Magazine article Science News

He Clones, She Clones: Dad, Mom Ants as Different Species

Magazine article Science News

He Clones, She Clones: Dad, Mom Ants as Different Species

Article excerpt

A study of the insects called little fire ants may be as close as science gets to showing males and females as separate species.

Those species still share a name, Wasmannia auropunctata. The little fire ants live in seemingly unexceptional colonies with several queens, many sterile female workers, and a smaller number of males. Yet a genetic analysis shows that daughter queens are clones of their mother, says Denis Fournier of the Free University of Brussels in Belgium. And males manage their own unusual genetic tricks, so that eggs hatching into sons end up as clones of their fathers, Fournier and his colleagues report in the June 30 Nature.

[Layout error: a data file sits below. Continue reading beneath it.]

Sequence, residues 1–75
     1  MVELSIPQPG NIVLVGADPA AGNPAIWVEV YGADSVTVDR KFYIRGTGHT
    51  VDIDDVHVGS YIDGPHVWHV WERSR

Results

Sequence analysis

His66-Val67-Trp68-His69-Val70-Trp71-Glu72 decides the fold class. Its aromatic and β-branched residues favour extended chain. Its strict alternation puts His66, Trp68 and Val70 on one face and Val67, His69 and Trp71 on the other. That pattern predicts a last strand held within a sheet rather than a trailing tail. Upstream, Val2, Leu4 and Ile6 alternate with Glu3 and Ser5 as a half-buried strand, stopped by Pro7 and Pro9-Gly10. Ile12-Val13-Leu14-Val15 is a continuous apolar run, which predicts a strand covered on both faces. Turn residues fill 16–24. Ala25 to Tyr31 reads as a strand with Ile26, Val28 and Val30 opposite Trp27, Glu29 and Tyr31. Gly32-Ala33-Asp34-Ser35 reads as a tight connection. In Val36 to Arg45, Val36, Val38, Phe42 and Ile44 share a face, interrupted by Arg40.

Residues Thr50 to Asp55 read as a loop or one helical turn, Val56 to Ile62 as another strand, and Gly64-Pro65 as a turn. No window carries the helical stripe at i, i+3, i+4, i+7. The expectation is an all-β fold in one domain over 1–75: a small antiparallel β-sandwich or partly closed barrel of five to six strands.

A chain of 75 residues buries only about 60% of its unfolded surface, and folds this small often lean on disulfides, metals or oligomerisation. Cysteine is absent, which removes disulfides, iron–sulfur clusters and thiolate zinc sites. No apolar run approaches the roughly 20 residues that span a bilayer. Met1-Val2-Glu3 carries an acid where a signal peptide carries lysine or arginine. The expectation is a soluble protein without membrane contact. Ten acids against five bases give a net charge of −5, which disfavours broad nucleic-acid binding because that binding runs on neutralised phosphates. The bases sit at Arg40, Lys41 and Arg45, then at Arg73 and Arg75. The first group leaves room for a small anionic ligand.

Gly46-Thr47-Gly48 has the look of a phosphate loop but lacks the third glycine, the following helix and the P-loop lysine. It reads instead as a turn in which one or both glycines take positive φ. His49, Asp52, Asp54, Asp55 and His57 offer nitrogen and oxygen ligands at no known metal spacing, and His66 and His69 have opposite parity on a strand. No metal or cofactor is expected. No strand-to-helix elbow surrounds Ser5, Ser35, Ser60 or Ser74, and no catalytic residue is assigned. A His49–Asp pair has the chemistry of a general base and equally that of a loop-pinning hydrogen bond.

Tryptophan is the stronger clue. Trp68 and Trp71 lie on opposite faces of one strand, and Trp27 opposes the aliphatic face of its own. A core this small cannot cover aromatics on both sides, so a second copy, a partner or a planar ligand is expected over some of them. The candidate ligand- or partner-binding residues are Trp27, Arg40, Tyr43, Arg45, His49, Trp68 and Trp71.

Fournier says that the researchers discovered this arrangement by chance as they collected fire ant nests from various sites in French Guiana. W. auropunctata isn't the imported red fire ant bedeviling the southern United States, but the little fire ant does sting and is spreading through the tropics to become a menace in its own right.

As the researchers studied DNA at 11 spots on little fire ant chromosomes, odd patterns emerged. In 33 out of 34 nests, queens within a particular nest matched each other's genes. Yet the sterile workers' genetic makeup didn't match that of their queens but represented the sort of mix expected from sexual reproduction.

That pattern had been previously reported in only one other ant, Cataglyphis cursor.

Fouruier proposes that because W. auropunctata males get shut out of parenting a queen, a countermeasure has evolved. …

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